But if we did, I'd rather tell the truth and ask exactly what I need before they go and buy it for me. Then to me, they really have helped me.

But, if someone just showed up with say a dish I didn't like, I'm a big softy at heart so I'd be thankful for the kind thought and freeze it for when we have friends for dinner :)

Anonymous said...

I'm going to go against the grain here. In times of stress and/or loss, the LAST thing I want to do is make a choice about what I want to eat from my restaurant. It's too much thinking for me.

Ideally I'd love to have someone show up at my house with something they know I love. For example, my SIL knows I adore her ginger molasses cookies - she'd show up with those.

Or my best friend J might show up with some bread, a good bottle of cab, and a delectable stinky and runny cheese which will make all my problems go away.

Or my husband might make me a huge batch of Annie's mac and cheese.

Or my MIL might come over and make a batch of her spaghetti with meat sauce and garlic bread.

Just don't make me think about what I want to eat. Because I'll inevitably say something like "I'm not all that hungry" when someone asks that.

Anonymous said...

I would rather have a known restaurant meal, or something homemade that I have approved of... Or something i specifically request.

When I was home after my dauther died, i was also recovering from an extra traumatic c-section. It was late June and hot out. I was craving fruit salad. But the thought of standing up and cutting up fruit was overwhelming.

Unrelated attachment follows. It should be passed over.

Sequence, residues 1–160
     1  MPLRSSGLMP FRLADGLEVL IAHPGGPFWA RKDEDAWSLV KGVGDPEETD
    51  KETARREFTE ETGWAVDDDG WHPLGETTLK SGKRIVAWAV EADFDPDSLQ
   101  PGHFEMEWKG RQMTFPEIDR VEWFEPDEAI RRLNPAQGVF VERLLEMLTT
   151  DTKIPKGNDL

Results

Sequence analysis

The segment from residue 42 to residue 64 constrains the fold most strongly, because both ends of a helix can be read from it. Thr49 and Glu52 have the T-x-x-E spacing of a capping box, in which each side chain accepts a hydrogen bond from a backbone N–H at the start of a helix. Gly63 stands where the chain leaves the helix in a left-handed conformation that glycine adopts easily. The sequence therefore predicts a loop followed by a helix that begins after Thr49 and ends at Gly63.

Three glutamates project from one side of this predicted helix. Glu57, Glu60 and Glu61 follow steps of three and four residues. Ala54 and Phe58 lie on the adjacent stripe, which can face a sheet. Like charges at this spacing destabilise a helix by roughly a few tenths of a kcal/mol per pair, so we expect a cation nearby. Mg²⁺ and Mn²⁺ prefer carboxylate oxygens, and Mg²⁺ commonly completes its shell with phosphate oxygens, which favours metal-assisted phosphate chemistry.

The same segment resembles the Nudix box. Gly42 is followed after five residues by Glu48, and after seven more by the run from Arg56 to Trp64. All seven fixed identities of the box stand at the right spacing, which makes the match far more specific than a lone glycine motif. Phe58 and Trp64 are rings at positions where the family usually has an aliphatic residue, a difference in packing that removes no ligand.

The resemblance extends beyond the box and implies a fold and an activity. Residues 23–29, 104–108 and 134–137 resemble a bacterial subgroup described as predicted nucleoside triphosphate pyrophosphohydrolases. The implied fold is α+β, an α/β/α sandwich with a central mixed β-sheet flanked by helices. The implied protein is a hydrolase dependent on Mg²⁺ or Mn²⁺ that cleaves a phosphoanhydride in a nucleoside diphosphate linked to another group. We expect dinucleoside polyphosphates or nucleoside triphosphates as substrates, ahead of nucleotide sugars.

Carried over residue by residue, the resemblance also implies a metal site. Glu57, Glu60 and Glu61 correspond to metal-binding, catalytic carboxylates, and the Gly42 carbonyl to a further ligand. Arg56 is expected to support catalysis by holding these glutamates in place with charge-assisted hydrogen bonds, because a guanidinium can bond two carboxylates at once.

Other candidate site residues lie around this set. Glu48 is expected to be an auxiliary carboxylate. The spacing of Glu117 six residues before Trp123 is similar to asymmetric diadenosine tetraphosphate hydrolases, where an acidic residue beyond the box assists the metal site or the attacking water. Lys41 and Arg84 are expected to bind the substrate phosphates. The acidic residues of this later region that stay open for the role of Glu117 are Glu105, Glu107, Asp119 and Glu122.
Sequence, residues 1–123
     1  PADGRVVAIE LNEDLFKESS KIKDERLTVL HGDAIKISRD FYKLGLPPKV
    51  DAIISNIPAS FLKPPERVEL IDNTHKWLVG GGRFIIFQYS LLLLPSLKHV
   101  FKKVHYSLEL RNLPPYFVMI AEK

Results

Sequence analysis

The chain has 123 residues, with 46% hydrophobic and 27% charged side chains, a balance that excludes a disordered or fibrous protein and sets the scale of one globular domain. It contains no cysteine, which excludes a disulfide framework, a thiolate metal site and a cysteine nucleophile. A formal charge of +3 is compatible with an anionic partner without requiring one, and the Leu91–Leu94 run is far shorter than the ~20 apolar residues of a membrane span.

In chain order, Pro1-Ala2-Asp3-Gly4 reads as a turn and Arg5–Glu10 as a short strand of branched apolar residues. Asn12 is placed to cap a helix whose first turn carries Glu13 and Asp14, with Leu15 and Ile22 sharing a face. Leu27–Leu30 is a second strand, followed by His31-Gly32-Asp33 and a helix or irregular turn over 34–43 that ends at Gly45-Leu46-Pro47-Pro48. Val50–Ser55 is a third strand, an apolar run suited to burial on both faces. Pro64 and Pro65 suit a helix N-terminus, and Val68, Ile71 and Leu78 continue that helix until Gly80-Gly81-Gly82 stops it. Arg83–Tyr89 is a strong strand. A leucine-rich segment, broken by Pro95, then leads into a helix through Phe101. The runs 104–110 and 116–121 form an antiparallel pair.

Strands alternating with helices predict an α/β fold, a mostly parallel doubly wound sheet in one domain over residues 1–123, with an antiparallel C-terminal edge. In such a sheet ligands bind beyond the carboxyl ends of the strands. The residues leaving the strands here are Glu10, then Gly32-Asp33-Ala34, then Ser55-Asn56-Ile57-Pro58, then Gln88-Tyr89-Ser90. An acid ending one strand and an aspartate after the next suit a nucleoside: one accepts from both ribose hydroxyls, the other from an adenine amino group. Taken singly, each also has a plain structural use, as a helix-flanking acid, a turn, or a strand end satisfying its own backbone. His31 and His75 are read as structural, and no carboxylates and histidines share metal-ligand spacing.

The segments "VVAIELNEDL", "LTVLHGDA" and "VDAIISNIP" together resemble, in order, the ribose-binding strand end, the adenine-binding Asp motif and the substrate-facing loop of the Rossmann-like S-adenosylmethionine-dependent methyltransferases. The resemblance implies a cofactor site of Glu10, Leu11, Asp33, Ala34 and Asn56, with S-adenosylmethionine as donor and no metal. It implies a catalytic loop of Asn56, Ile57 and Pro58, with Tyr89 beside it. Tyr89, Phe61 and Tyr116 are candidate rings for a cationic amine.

I think I requested fruit salad a few times, but people seemed to think that wasn't enough like "real food". I know some friends did a pot luck at my house (~8 people total) and someone made fruit salad. But really, i would have been happy with a fruit salad every 5-6 days for the entire summer.

Oh- and we also had way too much lasagna... especially for the summer. I would say that unless someone requests lasagna, try to figure out something else.

Anonymous said...

I'd rather have chocolate. When I found out that my hard fought pregnancy was ectopic - I found that all I wanted to do was watch movies and eat raman noodles and dark chocolate.

Things I would normally not do. Honestly, Raman noodles - who even eats those anymore!?

And my best friend came over and just sat in the same room as me. But she was the only one that I would allow to do that - but I really needed her close at the time.

Anonymous said...

I like option 3. Calling and asking what the person would prefer. Mostly because there would be days that I would prefer the homemade and other days that I prefer the restaurant. And by days, I mean days with extreme stress.

Also, I said spaghetti and meatballs and chocolate. I wasn't specific because when it comes to those things I'm really not picky. The only sauce I don't like is Ragu and it isn't chunky which I am specific about. And chocolate, I'm happy with any. (H*rsheys is just as good to me as Godiva. Well, maybe Godiva is better but, I will be happy with either.):)

Celeste said...

OH BOY. I've been though this big time. In 2004, I was in the hospital for 3 weeks with a fx'ed pelvis, and the next month dealt with an ectopic pregnancy (conceived before the fracture). I convalesced for well over 3 months and received a crap-load of food I just couldn't even look at, from friends and strangers alike. I felt very loved, but that food was received with an ample portion of guilt for all the stuff I ended up throwing away. There was just something so completely inedible about a cold salad at that time in my life... barf.